U.S. Pharmacist Shortage Looms: Survey
Many are over 55, and new recruits are drawn to part-time work
FRIDAY, March 17, 2006 (HealthDay News) -- U.S. pharmacists could be become a rare breed over the coming decade, as aging male practitioners retire and workers of both genders choose part-time work over a full-time work week, a new survey reveals.
The shortage looms even as the demand for prescription services rises, and pharmacists themselves call for more time to focus on patient care (such as immunization and drug counseling), beyond just dispensing medications.
"The key message is that there is a shortage of pharmacists," said survey project director David A. Mott, an associate professor in the school of pharmacy at the University of Wisconsin. "And certainly, pharmacists are busier than ever, and they may not have enough time to spend with patients answering questions about how to take their medications."
The survey, presented Friday at the American Pharmacists Association's annual meeting in San Francisco, was prepared by the Pharmacy Manpower Project Inc., a non-profit grouping of national pharmaceutical, professional, and trade organizations.
Mott and his colleagues reviewed written questionnaires completed in 2004 by 1,470 pharmacists randomly sampled from across the United States.
The surveys collected information on the pharmacists' demographic and employment status, hours worked per week, type and quality of work environment, and his or her future work plans.
The portrait that emerges is one of a shrinking workforce and the potential for a real shortage over the coming decade.
Almost 46 percent of practicing pharmacists are now female, the survey revealed -- up from 31 percent in 1990 and rising slightly since 2000. More than a quarter of these women are working part-time.
Just over 15 percent of male pharmacists were also found to be working similarly shortened hours.
Pharmacists are also an aging group, particularly men. More than 40 percent of male pharmacists are over 55, compared with just 10 percent of female pharmacists.
The researchers also found that, overall, both full- and part-time pharmacists -- whether stationed in a chain, supermarket, independent business, or hospital -- are working less than they did four years ago, while earning an average 38 percent more for their time.
Yet, despite a cutback in their work week, pharmacists are actually handling more prescriptions now than in the past -- presumably taking advantage of a rise in the number of non-pharmacist technicians who now assist drugstore customers.
Technology may also figure in pharmacists' ability to maintain service levels more efficiently. More than 60 percent of those surveyed said new equipment -- such as refill phone systems, bar coding, and medication counters -- have improved both productivity and quality of care, while boosting job satisfaction.
However, as technology improves service, it appears to be geared more toward enabling the faster dispensing of drugs, rather than expanding patient-care services such as face-to-face consultations.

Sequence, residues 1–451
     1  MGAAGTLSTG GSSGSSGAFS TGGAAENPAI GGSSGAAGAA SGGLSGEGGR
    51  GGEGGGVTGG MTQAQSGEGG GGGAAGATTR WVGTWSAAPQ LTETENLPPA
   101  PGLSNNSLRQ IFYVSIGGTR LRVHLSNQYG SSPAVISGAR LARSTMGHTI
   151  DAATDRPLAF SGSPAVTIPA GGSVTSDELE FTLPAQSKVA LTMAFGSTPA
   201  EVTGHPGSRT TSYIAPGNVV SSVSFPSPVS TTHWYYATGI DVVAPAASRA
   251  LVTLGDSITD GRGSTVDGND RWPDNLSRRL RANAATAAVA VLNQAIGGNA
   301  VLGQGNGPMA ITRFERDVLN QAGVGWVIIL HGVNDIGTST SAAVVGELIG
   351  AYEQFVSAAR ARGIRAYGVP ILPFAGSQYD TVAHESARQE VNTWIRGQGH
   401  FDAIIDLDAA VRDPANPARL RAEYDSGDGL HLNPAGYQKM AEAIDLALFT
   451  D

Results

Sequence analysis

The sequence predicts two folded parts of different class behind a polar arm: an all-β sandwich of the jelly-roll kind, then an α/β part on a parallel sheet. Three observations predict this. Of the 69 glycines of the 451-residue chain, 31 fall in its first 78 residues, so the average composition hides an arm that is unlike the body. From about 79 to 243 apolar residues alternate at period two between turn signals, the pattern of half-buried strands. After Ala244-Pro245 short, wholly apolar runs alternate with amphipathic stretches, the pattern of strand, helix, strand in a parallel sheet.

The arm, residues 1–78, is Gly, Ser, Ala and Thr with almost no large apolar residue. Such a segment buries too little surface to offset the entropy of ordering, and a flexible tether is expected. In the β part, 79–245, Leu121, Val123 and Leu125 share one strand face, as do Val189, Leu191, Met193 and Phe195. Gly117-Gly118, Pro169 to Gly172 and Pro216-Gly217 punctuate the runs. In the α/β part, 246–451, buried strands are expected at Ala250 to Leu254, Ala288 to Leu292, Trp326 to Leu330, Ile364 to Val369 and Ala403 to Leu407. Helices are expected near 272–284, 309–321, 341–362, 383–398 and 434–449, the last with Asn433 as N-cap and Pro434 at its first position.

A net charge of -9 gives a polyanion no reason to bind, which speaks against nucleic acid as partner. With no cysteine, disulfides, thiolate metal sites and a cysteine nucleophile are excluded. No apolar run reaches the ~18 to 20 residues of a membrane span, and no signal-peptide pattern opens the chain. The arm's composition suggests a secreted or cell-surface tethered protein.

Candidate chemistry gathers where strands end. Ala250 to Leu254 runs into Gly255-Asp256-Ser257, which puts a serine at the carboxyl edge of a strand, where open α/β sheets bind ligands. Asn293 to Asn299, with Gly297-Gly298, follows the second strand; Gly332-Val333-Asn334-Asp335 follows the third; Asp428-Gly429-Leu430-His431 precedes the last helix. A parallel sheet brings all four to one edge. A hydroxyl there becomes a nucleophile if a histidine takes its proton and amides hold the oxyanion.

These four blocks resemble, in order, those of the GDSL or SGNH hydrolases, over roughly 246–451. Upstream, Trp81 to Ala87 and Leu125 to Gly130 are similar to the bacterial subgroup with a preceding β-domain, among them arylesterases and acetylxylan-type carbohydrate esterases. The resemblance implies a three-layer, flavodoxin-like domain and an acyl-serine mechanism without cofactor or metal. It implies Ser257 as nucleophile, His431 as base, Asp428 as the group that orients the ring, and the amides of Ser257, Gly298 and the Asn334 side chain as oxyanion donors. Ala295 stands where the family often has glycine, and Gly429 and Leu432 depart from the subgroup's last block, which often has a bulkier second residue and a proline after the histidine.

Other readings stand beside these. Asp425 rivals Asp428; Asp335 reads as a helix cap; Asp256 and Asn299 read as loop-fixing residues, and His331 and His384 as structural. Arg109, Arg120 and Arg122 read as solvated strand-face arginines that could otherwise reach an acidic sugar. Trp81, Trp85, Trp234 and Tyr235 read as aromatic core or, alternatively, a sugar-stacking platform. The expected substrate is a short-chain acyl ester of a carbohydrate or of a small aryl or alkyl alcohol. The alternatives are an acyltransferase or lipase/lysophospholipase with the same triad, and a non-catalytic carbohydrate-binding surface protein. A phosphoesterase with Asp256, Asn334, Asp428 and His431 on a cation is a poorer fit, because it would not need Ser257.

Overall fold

In this respect, Mott and his team found that as pharmacies change, pharmacists still spend most of their time doing what they've always done: dispensing medications. In fact, pharmacists indicated that nearly half of their time is spent filling prescriptions, much as it was in 2000.
Patient consultation takes up 19 percent of their time, followed by business management (16 percent) and drug-use management (13 percent).
In general, the pharmacists said this emphasis on filling prescriptions takes away from consultation and drug-use management.
More than one out of every two pharmacists said their workload was high or excessively high, with 58 percent stating that their workload had increased (sometimes greatly) over the prior year.
Stress also figured into the work mix. Pharmacists often complained of inadequate staff, workloads that may hamper the level of service they can provide, difficulties with hard-to-handle patients, and being interrupted by people and phone calls.
Yet, despite these reservations, the survey did uncover several positive indicators. The pharmacist's attitude toward his or her job, for example, has become a more rosy one since 2000, particularly among those employed by independent stores.
More than 77 percent said they have a high level of job satisfaction, up from 66 percent in 2000.
Mott's team believes the nation's pharmacy schools need to emphasize this good news, while acknowledging that the industry is changing.
"We're looking 10 or 15 years down the road at a real change in our pool of pharmacists," said Mott. "There are only about 100 pharmacy schools in the country that graduate about 80 to 100 students [each] per year, so there's a limit to how we can deal with a shortage."
Sharlea Leatherwood, a past president of the National Community Pharmacists Association and a pharmacy owner in Kansas City, Mo., agreed that the problem is real and looming.
"We are experiencing a very large growth in the boomer population, and they are the ones who are taking a very large number of the meds," she noted. "So, the need for filling prescriptions grows just as we are losing pharmacists. This makes for a very serious situation."
For more on pharmacy issues, visit the American Pharmacists Association.